TMS doesn’t necessarily make you feel better, it makes you FEEL…better. It creates this sort of crispness to your thinking and seems to give the ability to find strands of colors in the black. This is amazing when you like the colors you’re looking at. What I mean to say is…when you feel good, you feel GOOD.
As soon as I started TMS treatment my sleeping patterns improved. I stopped having to nap 3-4 times per day and I was on a normal sleep schedule. I was able to exercise and it felt good. It was especially nice to have the hyperbaric treatments because I don’t think I ever once felt sore from working out. My daughter and I would get up each day and play “Just Dance” on the PS4 for 30 minutes to an hour each day. We walked our dog Nikki and went swimming. The summer days were long and we were making the most of them. By bedtime, I was tired and ready to sleep and I did so until morning. This was not something I had been able to do…well…for longer than I could remember. I couldn’t remember a time in my life where I didn’t feel tired and lackluster.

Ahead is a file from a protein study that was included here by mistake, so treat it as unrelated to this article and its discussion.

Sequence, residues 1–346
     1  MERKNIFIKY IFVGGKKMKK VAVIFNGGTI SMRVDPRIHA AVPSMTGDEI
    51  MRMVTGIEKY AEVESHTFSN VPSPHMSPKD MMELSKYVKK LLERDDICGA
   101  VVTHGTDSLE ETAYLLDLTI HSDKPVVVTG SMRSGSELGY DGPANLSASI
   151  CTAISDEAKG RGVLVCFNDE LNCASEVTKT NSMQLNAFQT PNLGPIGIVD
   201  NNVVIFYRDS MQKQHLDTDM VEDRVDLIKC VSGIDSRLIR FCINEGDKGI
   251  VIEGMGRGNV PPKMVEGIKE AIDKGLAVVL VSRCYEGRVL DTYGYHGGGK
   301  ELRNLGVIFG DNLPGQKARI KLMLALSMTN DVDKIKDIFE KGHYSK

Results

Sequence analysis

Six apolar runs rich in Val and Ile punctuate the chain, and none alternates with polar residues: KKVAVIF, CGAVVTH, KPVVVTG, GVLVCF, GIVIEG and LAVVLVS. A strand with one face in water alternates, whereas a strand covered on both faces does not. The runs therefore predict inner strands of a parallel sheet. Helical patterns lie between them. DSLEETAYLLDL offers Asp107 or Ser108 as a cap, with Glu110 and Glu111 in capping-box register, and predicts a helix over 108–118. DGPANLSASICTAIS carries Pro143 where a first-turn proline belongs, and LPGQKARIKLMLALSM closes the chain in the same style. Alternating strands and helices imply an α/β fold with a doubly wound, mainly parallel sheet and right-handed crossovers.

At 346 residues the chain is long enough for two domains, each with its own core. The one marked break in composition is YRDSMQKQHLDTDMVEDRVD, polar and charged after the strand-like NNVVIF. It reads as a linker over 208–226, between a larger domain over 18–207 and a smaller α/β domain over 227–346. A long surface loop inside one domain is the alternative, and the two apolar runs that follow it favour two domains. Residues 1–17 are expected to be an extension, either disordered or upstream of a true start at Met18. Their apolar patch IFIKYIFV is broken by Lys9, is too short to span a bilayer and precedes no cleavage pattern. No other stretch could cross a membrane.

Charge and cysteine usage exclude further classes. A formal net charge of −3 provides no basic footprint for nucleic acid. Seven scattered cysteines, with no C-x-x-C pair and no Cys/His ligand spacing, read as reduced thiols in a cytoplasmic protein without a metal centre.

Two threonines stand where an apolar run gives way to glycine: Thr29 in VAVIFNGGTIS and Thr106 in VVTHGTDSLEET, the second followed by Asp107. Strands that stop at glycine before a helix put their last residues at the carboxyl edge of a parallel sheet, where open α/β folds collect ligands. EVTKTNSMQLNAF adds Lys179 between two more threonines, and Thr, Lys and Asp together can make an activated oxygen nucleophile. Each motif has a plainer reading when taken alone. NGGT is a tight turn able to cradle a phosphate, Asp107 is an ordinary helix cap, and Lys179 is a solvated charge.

Even as kids, the rule was that we could watch an hour of TV per day, (uhm, yeah…ok). We were supposed to be outside in the air and with our neighborhood friends.
But, I remember spending many a summer day, or weekend, too tired to go outside, curled up on the couch watching my “lessons” and when I knew it was almost time for my mom to get home from work, I would change out of my pajamas and into my play clothes.